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Denver Nuggets 95, Charlotte Hornets 92: Notes and Observations

The Hornets are struggling to make easy baskets and to defend their own.

Chris Humphreys-USA TODAY Sports

The Charlotte Hornets are just not playing good basketball right now, for whatever reason. Perhaps it has been the injuries. Perhaps the lack of Michael Kidd-Gilchrist and Al Jefferson is finally catching up to them. Perhaps it is a massive regression to the team's white hot shooting in the beginning of the season. Perhaps it is the team's 4-13 record away from the Hive (which is something to begin to worry about that this point). Perhaps it is a combination of all those factors.

Whatever the reason, Sunday's loss at Denver was one of the team's worst losses this season. The Nuggets came into the game 13-24, including 2-8 over their previous 10. It was the second of a back-to-back in the mile high air of Colorado, but it was still a game the Hornets should have won. Let's take a closer look at why they did not.

Poor offense

The way the game started off, you would have never expected that Charlotte's offense would become a problem. The team made 50 percent of their shots in the first quarter, scoring 26 and spreading the ball around nicely. Nicolas Batum showed why he could be so valuable to the team, as he and Cody Zeller did their best to pick and roll the Nuggets every opportunity they had. The Hornets started off with assists on 14 of their first 16 field goals (they would finish the night with assists on 24 of their 30 field goals).

But in the second half, the team just could not buy a basket to save their lives. The offenses sputtered between moving the ball around for open shots and, when shots from those open looks did not fall, hero ball as players did almost anything to try and get the team's offense going.

As far as I am aware, the Denver Nuggets are not a team known for their strong interior defense. But Charlotte shot 12-for-29 on shots within 5 feet of the basket, including 3-for-11 on layups, according to (41.4 percent and 27.3 percent, respectively). And often, when the team was missing short shots, they were chucking up threes. The Hornets looked more like the Duke basketball teams of old last night, taking threes whenever they could. But, unlike those old Duke teams, the threes did not fall — Charlotte went 12-36 from deep (33.3 percent).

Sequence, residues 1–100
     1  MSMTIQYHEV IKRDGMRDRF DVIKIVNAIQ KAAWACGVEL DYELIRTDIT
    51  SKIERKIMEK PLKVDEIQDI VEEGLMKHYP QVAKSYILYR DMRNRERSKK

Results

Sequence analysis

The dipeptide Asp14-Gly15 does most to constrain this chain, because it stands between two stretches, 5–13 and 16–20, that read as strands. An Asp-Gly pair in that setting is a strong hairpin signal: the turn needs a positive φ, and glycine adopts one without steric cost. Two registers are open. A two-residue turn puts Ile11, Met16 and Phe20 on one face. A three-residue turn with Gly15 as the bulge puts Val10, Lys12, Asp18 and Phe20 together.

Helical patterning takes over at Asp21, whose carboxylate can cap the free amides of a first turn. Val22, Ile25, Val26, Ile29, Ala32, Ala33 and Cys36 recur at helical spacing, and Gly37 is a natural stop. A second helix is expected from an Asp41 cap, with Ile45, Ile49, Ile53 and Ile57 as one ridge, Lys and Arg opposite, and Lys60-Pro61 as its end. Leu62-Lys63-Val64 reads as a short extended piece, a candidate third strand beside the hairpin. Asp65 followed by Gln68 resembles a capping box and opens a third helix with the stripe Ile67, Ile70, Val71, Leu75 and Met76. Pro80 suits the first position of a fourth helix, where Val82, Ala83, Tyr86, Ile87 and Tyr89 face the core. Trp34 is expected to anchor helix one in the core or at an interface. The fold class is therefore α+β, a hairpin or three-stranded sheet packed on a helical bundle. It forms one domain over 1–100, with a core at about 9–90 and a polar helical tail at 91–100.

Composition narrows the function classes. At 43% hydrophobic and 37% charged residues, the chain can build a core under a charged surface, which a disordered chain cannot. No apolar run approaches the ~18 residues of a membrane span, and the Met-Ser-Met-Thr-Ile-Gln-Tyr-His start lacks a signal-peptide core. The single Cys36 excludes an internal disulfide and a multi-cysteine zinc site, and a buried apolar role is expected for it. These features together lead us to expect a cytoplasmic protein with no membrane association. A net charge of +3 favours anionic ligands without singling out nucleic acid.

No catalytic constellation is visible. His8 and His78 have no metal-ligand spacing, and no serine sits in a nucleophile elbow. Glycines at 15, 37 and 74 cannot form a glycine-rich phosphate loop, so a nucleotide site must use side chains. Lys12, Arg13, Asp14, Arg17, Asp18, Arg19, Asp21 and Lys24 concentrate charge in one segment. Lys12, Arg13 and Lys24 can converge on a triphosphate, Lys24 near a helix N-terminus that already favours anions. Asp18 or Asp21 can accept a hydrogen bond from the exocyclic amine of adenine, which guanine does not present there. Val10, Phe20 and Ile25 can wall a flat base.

Only two players finished with a shooting percentage of more than 50 percent — Cody Zeller (6-for-11) and Marvin Williams (3-for-3). Kemba Walker and Jeremy Lin combined to shoot 3-for-21 from the field. P.J. Hairston and Batum each went 3-of-8 from the floor. Frank Kamisnky came off the bench to add 14 points, but shot 4-of-12.

Long story short, it was an ugly offensive night for most of the game for Charlotte.

Defensive woes continue

You would think that it would be turnovers that doomed Charlotte, like they have multiple times this season. Or maybe the Nuggets were able to get plenty of easy baskets on fast breaks, as teams have been able to do before.

But neither was the case. The Hornets finished with 13 turnovers, but only three came in the second half. Plus they limited the Nuggets to 12 fast break points.

Heck, they even prevented Denver from scoring a single point over the game's last 4:17.

So why do I say that the defense continued to struggle? Because over the first half of the game, the Nuggets were shooting like they were still in warmups. Denver dropped 36 on Charlotte in the first quarter, shooting 60 percent from the field. The Nuggets finished the game making 13 of their 25 attempts in the restricted area.

Charlotte, defensively, is a shell of their former selves. Without MKG and without a proven inside presence on defense, they have struggled. Since the first of December, Charlotte has been giving up 101.9 points per game, which ranks 16th in the Association. Since, January 1? 104.5 points per game, aka seventh-worst in the league.

I've been saying this for a few weeks now, but Charlotte needs to refind their defensive identity ASAP.